Local taxes on food and beverages would be preemptively banned in Michigan under legislation that is likely to be signed into law by Gov. Rick Snyder.
The Republican-led Legislature finished approving the bill Thursday, just weeks after its introduction.
While no Michigan municipalities are considering an excise tax on sugary and artificially sweetened beverages, business groups and others lobbying for the measure pointed to soda taxes in Philadelphia and the Chicago area as reason enough to move quickly.
The penny-per-ounce tax on cola and sweetened drinks in Cook County, Illinois, was repealed Wednesday after a months-long conflict that included a court battle and millions of dollars' worth of television ads on both sides. The tax will end Dec. 1.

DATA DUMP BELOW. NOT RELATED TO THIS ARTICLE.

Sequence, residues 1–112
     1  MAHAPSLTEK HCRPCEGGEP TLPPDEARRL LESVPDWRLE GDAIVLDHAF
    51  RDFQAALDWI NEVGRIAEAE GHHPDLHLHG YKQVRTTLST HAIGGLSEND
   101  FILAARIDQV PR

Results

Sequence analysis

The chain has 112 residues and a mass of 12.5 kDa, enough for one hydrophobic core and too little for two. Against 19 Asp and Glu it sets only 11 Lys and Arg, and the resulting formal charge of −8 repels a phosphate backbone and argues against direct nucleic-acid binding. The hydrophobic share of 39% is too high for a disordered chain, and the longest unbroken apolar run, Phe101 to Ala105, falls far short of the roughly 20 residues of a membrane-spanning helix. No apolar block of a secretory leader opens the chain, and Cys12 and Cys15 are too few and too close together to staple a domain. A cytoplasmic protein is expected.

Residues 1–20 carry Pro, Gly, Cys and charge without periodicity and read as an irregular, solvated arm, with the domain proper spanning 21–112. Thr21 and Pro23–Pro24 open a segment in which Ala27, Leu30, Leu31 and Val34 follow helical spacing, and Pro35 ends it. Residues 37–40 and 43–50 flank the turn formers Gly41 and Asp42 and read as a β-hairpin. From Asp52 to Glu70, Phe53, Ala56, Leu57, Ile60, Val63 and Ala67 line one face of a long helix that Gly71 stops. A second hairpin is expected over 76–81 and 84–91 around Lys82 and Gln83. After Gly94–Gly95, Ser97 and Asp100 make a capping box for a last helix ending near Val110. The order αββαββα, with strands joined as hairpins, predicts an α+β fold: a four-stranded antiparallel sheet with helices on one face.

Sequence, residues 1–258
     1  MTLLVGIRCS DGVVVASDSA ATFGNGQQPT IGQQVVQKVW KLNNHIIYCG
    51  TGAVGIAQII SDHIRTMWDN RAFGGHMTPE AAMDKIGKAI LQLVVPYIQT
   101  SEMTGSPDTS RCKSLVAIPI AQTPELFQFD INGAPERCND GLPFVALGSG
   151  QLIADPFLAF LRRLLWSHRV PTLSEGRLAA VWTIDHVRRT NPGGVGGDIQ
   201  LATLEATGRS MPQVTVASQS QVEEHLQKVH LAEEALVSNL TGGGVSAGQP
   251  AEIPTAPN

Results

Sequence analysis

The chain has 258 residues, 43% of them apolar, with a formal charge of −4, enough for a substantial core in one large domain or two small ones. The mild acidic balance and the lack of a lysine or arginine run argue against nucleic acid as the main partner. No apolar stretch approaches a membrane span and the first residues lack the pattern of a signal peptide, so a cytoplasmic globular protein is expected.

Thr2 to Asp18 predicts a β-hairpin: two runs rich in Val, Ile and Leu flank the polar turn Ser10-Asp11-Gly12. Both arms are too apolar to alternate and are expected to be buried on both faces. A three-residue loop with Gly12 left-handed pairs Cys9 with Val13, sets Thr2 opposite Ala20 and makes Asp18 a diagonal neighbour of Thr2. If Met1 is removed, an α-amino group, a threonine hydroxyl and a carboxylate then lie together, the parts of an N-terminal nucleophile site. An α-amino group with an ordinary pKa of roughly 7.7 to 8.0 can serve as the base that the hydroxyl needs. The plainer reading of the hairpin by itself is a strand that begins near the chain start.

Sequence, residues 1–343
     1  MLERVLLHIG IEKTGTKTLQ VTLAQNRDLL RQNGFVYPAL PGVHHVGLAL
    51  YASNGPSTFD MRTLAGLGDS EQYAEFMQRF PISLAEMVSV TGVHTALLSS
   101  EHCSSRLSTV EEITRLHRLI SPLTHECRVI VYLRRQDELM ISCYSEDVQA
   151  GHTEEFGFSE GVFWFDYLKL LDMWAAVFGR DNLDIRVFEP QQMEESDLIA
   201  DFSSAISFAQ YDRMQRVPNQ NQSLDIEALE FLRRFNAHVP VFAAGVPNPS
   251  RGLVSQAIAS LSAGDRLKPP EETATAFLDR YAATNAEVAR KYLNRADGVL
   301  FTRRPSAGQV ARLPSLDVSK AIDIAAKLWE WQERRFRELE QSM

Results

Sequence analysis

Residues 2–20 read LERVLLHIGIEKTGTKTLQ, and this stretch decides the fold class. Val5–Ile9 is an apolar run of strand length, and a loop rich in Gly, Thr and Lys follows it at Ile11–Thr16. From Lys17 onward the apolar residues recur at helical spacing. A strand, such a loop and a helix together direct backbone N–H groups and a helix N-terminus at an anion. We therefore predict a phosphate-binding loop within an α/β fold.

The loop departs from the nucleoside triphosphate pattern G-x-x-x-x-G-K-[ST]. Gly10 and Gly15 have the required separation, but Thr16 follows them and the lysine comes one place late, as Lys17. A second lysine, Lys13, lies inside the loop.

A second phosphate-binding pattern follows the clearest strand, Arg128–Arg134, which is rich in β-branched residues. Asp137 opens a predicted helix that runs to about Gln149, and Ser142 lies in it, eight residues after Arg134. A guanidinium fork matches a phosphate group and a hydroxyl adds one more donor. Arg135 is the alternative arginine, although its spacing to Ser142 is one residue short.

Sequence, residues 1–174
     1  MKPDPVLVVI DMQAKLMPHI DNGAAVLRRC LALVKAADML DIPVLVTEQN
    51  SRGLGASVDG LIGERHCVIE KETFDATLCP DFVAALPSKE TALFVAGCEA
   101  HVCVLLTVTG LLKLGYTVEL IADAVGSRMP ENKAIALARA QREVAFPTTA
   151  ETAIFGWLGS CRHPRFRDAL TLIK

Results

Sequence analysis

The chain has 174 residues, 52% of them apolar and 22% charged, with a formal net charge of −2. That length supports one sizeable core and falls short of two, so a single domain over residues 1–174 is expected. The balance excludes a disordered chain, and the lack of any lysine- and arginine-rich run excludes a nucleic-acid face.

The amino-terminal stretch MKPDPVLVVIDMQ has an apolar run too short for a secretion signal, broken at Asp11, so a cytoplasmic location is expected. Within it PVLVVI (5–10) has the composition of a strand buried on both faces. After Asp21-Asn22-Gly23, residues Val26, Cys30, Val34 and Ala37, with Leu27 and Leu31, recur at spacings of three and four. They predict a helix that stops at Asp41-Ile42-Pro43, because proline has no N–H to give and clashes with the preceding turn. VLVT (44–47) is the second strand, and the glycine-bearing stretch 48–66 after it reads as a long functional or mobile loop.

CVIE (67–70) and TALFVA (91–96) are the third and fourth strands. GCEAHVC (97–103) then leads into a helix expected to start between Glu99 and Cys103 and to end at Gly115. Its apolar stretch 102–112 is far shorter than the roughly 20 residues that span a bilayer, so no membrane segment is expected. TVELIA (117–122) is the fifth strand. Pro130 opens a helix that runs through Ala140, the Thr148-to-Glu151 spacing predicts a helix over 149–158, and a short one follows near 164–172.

The sponsor of the Michigan measure, Republican Rep. Rob VerHeulen of Walker, said soda taxes "cause disruption and the loss of jobs" and are regressive, disproportionately affecting lower-and middle-income consumers.
He said while he does not think local governments can levy their own food and beverage taxes under current law, it is best to "make the law very clear."
Michigan generally exempts food and drinks sold at grocery stores from the state sales tax.
The legislation — which won final approval in the Senate on a 30-5 vote Thursday after clearing the House 101-7 last week — is supported by many business trade associations, a labor union and advocates for the poor. It is opposed by local governments and health groups.
Snyder spokeswoman Tanya Baker said he has not reviewed the bill. The Republican governor's administration did not oppose it during the legislative process.